• Academic failure (low grades) due to lack of confidence (ex. Performing poorly on a single test makes one underestimate their abilities and prevents future attempts to improve their grades.


Causes of Low Self-Esteem

  • Experience of failure in school, sports, or other activities.
  • Being ridiculed or teased.
  • Physical, verbal and/or sexual abuse.
  • Being highly criticized by parents, peers, or teachers.
  • Being expected to be “perfect” at all times.
  • Unrealistic expectations from parents, peers, and or/ teachers.
  • Overprotective and/or authoritarian parents.


  • Acknowledge your strengths and don’t focus on the negatives.
  • Speak positively about yourself.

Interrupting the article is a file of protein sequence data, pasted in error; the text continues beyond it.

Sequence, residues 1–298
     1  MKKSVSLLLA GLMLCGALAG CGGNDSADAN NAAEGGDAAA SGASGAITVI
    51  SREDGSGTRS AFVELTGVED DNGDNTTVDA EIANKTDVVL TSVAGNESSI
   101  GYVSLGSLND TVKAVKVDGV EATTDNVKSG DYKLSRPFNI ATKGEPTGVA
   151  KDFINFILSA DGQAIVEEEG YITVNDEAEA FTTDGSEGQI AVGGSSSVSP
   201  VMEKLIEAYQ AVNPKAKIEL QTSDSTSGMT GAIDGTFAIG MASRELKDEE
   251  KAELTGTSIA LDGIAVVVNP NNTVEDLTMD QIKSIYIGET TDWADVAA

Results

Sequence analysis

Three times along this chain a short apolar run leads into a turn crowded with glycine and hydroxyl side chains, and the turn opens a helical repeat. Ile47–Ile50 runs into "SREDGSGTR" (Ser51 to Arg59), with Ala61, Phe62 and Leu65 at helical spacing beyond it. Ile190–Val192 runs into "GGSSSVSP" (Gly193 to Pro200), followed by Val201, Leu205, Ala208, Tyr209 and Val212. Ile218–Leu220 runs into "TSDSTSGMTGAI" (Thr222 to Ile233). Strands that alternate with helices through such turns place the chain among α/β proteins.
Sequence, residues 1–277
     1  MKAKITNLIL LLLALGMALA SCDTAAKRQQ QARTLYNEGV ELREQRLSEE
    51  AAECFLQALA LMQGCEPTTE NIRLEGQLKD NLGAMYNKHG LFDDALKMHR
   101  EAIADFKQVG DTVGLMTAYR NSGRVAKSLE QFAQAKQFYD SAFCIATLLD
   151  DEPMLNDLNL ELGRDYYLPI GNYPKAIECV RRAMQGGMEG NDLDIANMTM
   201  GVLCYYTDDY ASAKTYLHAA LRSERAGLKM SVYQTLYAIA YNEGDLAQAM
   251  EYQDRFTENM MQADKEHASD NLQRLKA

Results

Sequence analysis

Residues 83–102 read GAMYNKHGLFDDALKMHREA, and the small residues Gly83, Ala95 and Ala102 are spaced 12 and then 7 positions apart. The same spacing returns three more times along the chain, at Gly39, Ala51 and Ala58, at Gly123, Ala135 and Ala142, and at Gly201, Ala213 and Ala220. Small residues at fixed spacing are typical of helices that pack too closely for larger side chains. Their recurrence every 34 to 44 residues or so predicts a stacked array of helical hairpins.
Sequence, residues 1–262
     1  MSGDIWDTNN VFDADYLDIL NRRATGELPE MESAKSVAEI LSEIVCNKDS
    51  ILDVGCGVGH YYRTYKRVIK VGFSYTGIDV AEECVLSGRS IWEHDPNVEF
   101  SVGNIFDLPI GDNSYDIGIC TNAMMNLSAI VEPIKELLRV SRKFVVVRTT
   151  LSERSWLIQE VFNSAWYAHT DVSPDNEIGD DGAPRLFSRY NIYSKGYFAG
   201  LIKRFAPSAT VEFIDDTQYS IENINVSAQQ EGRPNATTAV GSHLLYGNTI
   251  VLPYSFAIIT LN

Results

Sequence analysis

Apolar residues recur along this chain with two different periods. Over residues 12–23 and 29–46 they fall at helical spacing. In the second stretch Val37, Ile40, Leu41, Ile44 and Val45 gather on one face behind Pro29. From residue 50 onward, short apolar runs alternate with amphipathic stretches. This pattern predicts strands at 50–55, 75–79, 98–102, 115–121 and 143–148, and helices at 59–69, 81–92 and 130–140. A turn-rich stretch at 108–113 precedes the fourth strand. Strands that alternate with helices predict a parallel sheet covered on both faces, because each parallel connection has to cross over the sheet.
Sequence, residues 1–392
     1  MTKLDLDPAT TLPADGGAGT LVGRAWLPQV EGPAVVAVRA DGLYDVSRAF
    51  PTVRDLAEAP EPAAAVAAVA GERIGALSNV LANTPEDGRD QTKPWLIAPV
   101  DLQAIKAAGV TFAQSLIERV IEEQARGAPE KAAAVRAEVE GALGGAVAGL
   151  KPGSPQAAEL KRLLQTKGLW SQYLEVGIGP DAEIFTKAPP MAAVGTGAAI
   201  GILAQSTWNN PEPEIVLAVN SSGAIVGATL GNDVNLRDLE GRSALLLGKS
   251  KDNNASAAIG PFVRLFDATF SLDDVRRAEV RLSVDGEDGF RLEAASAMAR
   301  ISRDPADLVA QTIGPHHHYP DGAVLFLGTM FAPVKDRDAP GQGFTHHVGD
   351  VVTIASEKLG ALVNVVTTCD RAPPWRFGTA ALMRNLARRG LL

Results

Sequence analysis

• Avoid negative people and spend time with people who are nurturing and optimistic.
  • Permit yourself to assert your wishes and needs, even if you think it will conflict with others’ expectations.

Coping Strategies

There are many factors that contribute to self-esteem. The following are some things you can do to improve your self-esteem.

  • Think positively about yourself and accept compliments from others.
  • Learn from your mistakes rather than seeing yourself as a failure.
  • Think of your successes, positive qualities and talents.
  • Spend time engaging in activities you enjoy.
  • Do not focus on the achievement of others.
  • Do not become overly dependent on validation from others.
  • Get involved in meaningful projects.
  • Exercise regularly, eat well, and get plenty of sleep.
  • Counseling can help you to explore what factors contribute to your low self-esteem while focusing on ways to improve your self-esteem.


When to get help

At times, everyone doubts their own worth and abilities. However the following are indicators that you can benefit from professional counseling:

  • You have difficulty making your own decisions.